7 min read

Coast Guard Saves Dog Trapped In Middle Of Lake Just In Time

He's hardly the first dog they've saved 💞🐶💞

The New Orleans coast guard has a long list of responsibilities under its jurisdiction, but despite the packed schedule, members of the station are never too busy to help an animal in need.

Such was the case on October 30, when the coast guard’s dispatch received a call from a concerned boater. He had spotted an older dog treading water about a half-mile offshore in Lake Pontchartrain, according to Petty Officer Adam Rice.

Luckily, a coast guard boat crew was already close by, preparing to run a training exercise. With calm waters and pleasant weather, the dog was easily spotted.

Members of the team scooped the exhausted dog into the boat, wrapped him in a blanket and headed for shore.

The black Lab mix “looked a little ratty,” Rice told The Dodo. With only a red collar, but no tag to identify him, rescuers were unsure how the dog wound up stranded in the lake all by himself.

Back at the station, the dog appeared calm and friendly, Rice noted.

"He was shaking and very scared at first, but now he is back at the station all warmed up and we gave him some snacks and water," the U.S. Coast Guard Station New Orleans wrote in a Facebook post. "We are always ready to respond!"

In hopes of finding the lost dog’s owner, employees with the Jefferson Parish East Bank Animal Shelter picked up the pup and scanned for a microchip — which proved successful.

“The dog from the lake has been returned home,” Michael Thomas, a petty officer, told The Dodo. “He was chipped, his owner was notified and he was picked up! So one dog’s life saved!”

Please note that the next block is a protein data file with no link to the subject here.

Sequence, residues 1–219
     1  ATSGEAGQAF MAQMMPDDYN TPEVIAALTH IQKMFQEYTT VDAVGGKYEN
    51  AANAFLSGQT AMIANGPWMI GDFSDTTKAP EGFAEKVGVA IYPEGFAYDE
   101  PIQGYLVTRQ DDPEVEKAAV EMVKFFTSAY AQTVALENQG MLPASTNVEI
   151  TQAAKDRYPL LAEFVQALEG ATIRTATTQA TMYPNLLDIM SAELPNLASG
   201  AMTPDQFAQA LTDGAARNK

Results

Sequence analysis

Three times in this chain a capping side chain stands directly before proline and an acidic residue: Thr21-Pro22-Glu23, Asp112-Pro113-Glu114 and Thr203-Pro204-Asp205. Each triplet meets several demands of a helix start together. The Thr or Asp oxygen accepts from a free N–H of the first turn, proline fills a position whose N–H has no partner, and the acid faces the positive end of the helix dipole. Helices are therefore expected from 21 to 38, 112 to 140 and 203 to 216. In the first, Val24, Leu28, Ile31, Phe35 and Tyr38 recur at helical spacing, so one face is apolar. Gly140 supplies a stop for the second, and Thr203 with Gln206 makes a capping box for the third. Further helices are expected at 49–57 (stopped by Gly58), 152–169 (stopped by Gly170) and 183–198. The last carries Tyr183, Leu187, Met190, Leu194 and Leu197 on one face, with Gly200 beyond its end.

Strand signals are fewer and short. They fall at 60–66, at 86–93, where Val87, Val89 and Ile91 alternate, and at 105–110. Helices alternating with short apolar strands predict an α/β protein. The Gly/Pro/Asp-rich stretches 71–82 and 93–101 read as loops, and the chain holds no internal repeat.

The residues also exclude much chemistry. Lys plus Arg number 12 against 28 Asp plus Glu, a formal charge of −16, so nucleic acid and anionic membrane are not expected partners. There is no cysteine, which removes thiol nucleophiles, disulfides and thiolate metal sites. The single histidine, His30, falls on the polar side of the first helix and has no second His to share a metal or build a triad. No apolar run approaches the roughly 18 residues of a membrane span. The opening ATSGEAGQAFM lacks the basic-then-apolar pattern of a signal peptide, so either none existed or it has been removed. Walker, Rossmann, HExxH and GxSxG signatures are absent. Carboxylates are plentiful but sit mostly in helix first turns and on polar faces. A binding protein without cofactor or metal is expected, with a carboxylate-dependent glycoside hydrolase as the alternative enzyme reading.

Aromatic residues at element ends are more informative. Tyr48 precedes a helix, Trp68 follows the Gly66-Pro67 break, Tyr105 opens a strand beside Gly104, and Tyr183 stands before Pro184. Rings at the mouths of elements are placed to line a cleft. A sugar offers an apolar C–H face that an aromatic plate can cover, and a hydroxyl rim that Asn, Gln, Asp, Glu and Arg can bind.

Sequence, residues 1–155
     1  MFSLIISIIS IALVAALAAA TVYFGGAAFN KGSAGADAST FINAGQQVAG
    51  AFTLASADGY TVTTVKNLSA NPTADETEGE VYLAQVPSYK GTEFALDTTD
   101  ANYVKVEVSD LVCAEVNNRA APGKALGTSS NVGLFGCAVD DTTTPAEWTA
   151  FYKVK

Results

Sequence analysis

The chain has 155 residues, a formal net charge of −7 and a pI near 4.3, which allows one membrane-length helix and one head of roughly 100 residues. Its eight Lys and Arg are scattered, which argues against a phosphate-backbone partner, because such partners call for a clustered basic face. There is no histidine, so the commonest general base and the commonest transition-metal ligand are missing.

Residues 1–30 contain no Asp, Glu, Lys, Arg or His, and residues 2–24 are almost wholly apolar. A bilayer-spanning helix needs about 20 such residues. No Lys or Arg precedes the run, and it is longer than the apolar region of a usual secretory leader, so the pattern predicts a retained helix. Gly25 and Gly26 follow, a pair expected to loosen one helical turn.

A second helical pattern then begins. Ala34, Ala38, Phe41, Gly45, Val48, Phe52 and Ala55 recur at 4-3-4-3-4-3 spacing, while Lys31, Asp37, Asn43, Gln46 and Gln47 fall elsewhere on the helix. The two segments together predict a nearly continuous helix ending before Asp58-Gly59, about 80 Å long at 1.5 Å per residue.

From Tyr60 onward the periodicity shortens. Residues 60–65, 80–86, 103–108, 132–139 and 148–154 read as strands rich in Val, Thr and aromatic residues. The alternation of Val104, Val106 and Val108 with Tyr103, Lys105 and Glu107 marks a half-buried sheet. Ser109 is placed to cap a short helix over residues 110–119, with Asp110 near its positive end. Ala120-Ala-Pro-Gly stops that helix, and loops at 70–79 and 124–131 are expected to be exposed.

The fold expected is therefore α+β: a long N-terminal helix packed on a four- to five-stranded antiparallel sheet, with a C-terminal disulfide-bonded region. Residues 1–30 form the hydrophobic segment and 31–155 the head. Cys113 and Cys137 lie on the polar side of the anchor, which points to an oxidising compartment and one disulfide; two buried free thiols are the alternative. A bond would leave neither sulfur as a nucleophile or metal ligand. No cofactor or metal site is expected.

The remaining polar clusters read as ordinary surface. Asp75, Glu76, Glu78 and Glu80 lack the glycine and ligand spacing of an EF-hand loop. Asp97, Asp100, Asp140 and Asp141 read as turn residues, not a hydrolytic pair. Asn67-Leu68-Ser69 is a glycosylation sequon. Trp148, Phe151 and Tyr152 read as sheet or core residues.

While this was the first time the coast guard team rescued a dog from Lake Pontchartrain, helping canines in need is their specialty.

Regular volunteers at the local animal shelter, members of the coast guard have since been inspired to start a foster program in conjunction with SPCA New Orleans. While not necessarily water-related, it’s all part of serving the community and doing what they can for the city, Thomas noted.

“At Coast Guard Station New Orleans, we naturally serve our community day in and out,” Thomas said. “Every week we send a handful of people over [to the SPCA] for a few hours to work with the dogs and to help out with whatever they need. So after a few months the members at the unit wanted to have a station dog.”

Since May, the coast guard station has hosted a rotating cast of 10 homeless dogs, giving the pups the skills and publicity they need to get adopted. “The dogs stay at the station at all times, and once we take on a dog, we will never take him back to the shelter unless he needs any medical work,” Thomas stressed. “We are very dedicated to them and all we want to do is give them a good home.”

The program has worked out well for both the dogs and the hardworking men and women serving at the station. “The thought that we can take one dog out of that environment at a time, and work with it, to assist a dog getting adopted was a great idea,” Thomas said. “Everyone here is getting their dog fix and helping make room for another at the shelter.”

The dogs keep morale high, and get plenty of love and treats in return. For many dogs, the station, which is manned 24 hours a day, is their first taste of a loving home. “The dog can’t go through a room without 15 different people loving on them, so it’s easy to see how much they are loved and how they make everyone truly happy,” Thomas added.

coast guard and dog sleep
Michael Thomas

The rescues under the care and training of the coast guard have gone on to be loyal family pets and even service dogs. Bonds form quickly with the dogs, and the coast guard keeps in touch with all their graduates.

Hopes are high for the adoption of their 10th dog, Baylie, a hound mix with striking blue eyes who loves snuggles and belly rubs, Thomas added.

“When they get adopted, it’s a great day, but it hurts to let them go each time.”

Follow the NOLA Coast Guard on Facebook to stay up-to-date on dogs available for adoption.